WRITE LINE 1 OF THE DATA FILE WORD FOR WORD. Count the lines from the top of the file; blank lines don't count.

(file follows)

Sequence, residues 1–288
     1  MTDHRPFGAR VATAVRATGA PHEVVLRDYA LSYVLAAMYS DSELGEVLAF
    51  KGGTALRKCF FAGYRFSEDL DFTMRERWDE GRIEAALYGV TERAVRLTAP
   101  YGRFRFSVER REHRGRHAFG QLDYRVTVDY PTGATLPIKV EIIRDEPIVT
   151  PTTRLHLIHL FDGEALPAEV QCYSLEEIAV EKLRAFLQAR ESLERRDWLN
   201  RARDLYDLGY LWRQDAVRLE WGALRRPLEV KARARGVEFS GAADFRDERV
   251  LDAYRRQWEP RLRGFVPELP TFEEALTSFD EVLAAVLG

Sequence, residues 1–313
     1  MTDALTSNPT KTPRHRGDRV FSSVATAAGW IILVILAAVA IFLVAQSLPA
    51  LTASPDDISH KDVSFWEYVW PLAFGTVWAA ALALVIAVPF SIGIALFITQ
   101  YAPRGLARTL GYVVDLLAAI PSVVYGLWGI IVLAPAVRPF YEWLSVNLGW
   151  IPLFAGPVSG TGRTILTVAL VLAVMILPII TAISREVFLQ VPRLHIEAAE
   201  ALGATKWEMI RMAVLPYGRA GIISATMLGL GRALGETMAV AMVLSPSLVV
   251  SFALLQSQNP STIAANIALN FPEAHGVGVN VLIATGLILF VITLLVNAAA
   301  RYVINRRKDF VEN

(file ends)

Sequence, residues 1–288